1 Reply
                    1. re: RGC1982

                      IMHO ketchup really only belongs on potatoes. sprouts? aaah!

                      I do like the crunch iceburg lettuce offers (I even like potato chips in a pinch as the texture grinds into the mayo with the bite). I just get ticky about the type of mustard - sometimes plain yellow is right, sometimes Dijon or Chinese hot.

                      I think it's a matter of perceived value. We offer EVERYTHING!

                      Will's strategy of omission sounds good.

                    2. I think places do this because it's easier for the cook staff to read the 'deletes' on the order sheet rather than having to interpert the entire order.

                      1. It's not always the restaurant's fault. My favorite pizzeria serves cheesesteak with oil & vinegar, shredded lettuce, tomato, and mayo. They know it sounds awful, but that's what the customers keep requesting. The owner's wife has even complained to me about the customers who insist they put mayo on the meatball parm. The customer is always right, even when they clearly have no sense of taste.

                        1. I don't think places insist on putting 'everything' on a sandwich. I just think it is much easier for the order taker to ask that question then to ask the customer what they want or don't want on the sandwich. To take this question to extremes I'm fairly sure the employee would rather just make the sandwich with no condiments at all. More profitable, faster, and easier.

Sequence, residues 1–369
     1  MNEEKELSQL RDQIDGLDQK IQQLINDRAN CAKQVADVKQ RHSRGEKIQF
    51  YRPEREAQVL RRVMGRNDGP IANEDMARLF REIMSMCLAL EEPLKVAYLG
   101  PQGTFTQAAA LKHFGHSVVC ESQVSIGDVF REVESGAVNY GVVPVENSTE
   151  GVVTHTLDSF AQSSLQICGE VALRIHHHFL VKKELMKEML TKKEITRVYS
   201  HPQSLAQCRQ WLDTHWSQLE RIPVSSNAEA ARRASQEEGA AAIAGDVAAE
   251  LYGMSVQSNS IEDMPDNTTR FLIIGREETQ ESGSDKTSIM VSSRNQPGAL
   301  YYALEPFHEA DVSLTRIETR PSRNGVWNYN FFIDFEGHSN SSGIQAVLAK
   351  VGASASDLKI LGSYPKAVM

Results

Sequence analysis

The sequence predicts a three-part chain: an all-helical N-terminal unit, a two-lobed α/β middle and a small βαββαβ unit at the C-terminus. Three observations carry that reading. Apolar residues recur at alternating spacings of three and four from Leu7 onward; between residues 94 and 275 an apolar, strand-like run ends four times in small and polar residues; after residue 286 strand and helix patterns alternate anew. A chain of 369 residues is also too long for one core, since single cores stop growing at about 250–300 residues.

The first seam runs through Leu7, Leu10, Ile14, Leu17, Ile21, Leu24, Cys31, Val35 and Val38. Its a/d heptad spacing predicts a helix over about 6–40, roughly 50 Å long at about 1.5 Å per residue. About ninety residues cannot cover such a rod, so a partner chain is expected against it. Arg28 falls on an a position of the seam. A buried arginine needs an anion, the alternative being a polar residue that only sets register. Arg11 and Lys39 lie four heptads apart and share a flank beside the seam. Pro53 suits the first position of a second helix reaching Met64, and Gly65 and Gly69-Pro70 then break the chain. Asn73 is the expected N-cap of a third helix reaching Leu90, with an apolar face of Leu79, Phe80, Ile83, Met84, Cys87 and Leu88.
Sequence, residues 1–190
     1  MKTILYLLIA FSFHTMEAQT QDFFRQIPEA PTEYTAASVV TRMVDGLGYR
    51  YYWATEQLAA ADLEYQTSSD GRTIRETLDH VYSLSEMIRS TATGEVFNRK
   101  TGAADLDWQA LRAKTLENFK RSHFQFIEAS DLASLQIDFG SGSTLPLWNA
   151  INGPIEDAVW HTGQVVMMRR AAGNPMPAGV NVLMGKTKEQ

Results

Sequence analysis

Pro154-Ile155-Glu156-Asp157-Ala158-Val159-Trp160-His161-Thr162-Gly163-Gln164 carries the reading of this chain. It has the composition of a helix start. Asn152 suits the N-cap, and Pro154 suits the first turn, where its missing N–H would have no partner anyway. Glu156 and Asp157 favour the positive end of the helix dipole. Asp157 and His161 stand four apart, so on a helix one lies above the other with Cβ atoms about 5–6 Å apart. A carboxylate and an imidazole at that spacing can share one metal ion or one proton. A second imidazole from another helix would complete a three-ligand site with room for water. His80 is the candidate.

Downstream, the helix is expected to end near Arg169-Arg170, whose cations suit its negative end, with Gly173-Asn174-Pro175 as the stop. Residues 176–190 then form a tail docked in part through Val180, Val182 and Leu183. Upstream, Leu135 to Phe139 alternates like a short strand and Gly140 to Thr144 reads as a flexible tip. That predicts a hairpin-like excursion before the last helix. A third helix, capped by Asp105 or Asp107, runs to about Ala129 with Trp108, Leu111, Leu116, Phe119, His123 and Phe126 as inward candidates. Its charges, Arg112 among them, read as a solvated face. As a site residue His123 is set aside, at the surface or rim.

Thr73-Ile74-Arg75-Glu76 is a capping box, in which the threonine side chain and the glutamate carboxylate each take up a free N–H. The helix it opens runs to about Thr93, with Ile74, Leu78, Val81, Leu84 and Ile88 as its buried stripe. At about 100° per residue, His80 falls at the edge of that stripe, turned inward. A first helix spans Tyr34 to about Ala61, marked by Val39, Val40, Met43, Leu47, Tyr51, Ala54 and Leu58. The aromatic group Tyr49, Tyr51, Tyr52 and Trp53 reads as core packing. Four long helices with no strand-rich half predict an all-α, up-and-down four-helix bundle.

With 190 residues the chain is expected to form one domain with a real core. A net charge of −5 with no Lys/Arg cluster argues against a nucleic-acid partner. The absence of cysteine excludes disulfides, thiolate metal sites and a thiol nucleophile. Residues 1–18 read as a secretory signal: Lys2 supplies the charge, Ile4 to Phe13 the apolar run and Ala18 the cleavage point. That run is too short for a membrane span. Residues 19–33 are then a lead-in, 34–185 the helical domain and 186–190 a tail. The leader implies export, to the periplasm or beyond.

1. People love condiments. When I order a sandwich, I tell them what I want on it, or I just let them decide what they think best. Most places that have signature sandwiches know the best way it tastes, so I trust them to guide me. For example, one of my favorite sandwich places has extremely good specialty sandwiches. They have good quality meat too. But whenever someone builds their own sandwich, they go for boring. Ah well.

                            1. Back on Long Island, most of the delis I went to had you specify what you did and did not want your sandwich... "Can I have a turkey sandwich on a hard roll with lettuce, tomato, and pickles" . And that is what I received)

                              I have noted here in Buffalo, they have more "standard" sandwiches that automatically come with cheese, dressing, tomato, lettuce and onions. So if I order a turkey sandwich I have to say "Can I have a turkey sandwich on a hard roll, not a hamburger bun, with pickles (cause the lettuce and tomato are automatic), no onions, no cheese, and no dressing.

                              The resulting conversation goes something like this:
                              "No mayo?"
                              "Um....I said no dressing, thanks. So that inlcudes mayo"
                              "What kind of cheese?"
                              "No cheese"
                              "But cheese comes on it"
                              "But I don't want it"
                              "I'll have to charge you for it"

                              As much as I hate Subway's food, it DOES make it easier to order, IMHO

                              2 Replies
                              1. re: L_W

                                Ha ha! I have that same conversation with my local sandwich shop every time I order a turkey sandwich.

                                "I'd like a turkey sandwich on a sourdough roll, everything except tomato."
                                "no cheese."
                                "you sure? it's good with cheese"
                                "I'm sure."